Martha Stewart is only the latest in a long line of American “lifestyle” entrepreneurs. In this book, published in conjunction with a 2003 exhibition at the Wadsworth Atheneum Museum of Art, Thomas Denenberg pieces together a coherent account of Wallace Nutting’s life, times, and entrepreneurial career. Nutting (1861—1941), “a master of self-invention,” wrote his autobiography (“a case study in chronological impossibilities and willful exaggerations”) and then “destroyed most of his business records.” But his books, catalogues, photographs, and furniture reached a huge market in the first half of the 20th century, and dominated middle-class colonial revivalist sentiments of the time. Lavishly illustrated, Denenberg’s book follows Nutting’s career and the development of his product lines, commenting usefully along the way on such varied topics as business organization, labor relations, and, of course, ideology and aesthetics.
Interest in Helen Hunt Jackson has been strong since the second-wave feminist efforts to recover 19th-century women writers. While there are other biographies of Jackson available, this one is remarkable in a few respects. Phillips gives a chronicle of Jackson’s life along the lines of her literary productions, which ranged from early poetry to mid-life journalism to late-life novels. She follows recent trends in academia toward historicization; she urges readers to consider what Jackson herself thought of her own writing, as well as how her life events shaped her career. The biography also emphasizes certain points of Jackson’s character which are sure to draw sympathy with the current politics of those studying women writers—Jackson maintained a life-long interest in and passion for nature, was an outspoken, independent women who traveled widely, and, late in her life, became one of the first advocates for Native American rights. Phillips’ book is clearly written, well researched, unassuming, and should work harmoniously within the growing field of writings on Jackson and on late 19th-century women writers.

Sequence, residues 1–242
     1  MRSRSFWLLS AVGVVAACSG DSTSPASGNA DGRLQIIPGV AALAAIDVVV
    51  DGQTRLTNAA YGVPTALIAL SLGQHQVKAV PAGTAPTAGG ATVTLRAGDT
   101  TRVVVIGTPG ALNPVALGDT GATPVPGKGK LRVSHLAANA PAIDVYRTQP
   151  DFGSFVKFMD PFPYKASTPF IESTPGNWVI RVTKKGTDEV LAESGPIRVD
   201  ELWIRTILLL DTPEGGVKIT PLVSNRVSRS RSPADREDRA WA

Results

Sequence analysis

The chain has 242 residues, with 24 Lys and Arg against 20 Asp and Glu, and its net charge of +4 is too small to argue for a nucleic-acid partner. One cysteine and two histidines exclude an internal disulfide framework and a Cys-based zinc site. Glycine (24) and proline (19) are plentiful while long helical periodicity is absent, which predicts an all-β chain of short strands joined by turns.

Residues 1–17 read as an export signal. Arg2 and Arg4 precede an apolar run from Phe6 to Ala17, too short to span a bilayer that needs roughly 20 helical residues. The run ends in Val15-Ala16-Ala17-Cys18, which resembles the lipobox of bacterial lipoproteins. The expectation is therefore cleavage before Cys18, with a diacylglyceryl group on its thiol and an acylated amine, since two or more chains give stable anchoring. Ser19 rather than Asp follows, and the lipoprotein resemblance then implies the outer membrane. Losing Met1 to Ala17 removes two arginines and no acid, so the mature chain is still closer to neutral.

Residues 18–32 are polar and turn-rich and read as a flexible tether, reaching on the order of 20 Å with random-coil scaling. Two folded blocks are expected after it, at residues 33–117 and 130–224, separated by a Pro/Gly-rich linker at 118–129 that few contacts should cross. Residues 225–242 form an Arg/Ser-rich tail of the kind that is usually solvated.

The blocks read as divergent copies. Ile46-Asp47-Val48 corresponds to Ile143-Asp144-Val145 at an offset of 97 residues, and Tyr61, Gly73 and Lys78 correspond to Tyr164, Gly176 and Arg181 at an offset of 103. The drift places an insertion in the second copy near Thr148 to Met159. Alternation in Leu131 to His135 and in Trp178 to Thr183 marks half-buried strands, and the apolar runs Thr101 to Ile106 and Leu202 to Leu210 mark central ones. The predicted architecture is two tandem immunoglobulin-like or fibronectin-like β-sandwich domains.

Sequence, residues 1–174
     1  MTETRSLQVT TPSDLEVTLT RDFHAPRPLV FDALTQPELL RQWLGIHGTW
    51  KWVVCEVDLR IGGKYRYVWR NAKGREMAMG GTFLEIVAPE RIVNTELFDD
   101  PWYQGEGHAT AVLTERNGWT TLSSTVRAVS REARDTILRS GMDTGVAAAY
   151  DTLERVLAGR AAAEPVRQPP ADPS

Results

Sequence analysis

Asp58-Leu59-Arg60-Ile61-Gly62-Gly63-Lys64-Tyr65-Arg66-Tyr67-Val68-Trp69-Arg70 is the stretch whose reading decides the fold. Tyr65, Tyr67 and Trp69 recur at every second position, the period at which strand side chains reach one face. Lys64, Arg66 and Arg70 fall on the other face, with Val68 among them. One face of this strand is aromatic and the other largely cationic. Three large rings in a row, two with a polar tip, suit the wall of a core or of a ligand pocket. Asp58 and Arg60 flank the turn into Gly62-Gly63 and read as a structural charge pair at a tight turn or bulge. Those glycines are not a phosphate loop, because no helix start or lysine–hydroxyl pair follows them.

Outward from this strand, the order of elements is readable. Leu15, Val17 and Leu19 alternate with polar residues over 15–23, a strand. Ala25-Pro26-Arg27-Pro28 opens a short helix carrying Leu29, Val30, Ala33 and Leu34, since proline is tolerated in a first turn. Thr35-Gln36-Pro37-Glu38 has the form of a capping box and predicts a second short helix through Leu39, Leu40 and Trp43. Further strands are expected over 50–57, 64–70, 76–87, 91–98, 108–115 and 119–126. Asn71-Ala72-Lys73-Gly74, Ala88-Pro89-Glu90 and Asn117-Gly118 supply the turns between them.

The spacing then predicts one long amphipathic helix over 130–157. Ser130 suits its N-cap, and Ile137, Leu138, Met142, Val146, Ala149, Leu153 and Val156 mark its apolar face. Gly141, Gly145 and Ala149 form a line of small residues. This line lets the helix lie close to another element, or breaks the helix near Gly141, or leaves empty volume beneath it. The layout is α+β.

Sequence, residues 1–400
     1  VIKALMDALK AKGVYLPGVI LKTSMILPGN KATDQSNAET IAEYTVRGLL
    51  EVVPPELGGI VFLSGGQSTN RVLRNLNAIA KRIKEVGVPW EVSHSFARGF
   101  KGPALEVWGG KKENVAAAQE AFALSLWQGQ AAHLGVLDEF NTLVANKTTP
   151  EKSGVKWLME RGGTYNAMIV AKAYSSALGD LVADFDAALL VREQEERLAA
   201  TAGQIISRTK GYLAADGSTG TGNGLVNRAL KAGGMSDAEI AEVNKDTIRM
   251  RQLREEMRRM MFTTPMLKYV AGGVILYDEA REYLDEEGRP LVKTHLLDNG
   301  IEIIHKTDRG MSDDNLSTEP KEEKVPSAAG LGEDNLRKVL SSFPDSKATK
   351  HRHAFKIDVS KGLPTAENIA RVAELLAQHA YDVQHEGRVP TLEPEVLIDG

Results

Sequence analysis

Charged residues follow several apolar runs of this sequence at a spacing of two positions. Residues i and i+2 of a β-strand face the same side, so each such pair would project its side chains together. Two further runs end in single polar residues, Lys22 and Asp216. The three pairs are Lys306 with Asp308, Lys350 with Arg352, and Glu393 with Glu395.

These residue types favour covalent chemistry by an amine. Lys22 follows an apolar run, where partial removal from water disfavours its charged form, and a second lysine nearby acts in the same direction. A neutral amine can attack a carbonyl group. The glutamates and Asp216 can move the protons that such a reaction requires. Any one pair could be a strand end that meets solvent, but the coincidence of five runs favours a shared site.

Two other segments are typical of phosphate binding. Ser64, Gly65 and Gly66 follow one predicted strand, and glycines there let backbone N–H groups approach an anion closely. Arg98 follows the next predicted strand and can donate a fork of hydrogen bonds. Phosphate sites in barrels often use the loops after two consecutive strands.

This book is welcomed by those of us who are Murdoch fans, but I wonder if others will think it as good a use of trees. The idea of collecting all of the interviews Murdoch gave throughout her life—or as many as can be found—is a good one, even if it gives off the whiff of the fanatical archivist. But the benefits of collecting these interviews diminishes the further one reads into the book. Interviews are, after all, kind of like listening in on first dates; and were one to listen in on a person’s first dates, one would endure a great deal of repetition. Such is the case here. Do we need to read that Murdoch likes her “more recent” novels more than her later ones in every interview? How many times must we hear that Murdoch likes Christianity but not its “dogmas”? How often must we learn about her mother the Irish singer? of her early flirtation with Marxism? of her shift from Existentialist to Platonist? etc. One has the impression of a focused and reticent mind, which is what we expected, but it is precisely those qualities which stymie the idea of collected interviews. Reading it is like going on a tour to a foreign country where, day after day, you take the same route to the same church, and look at it once more. For those of us who love the church, wonderful; if not, not.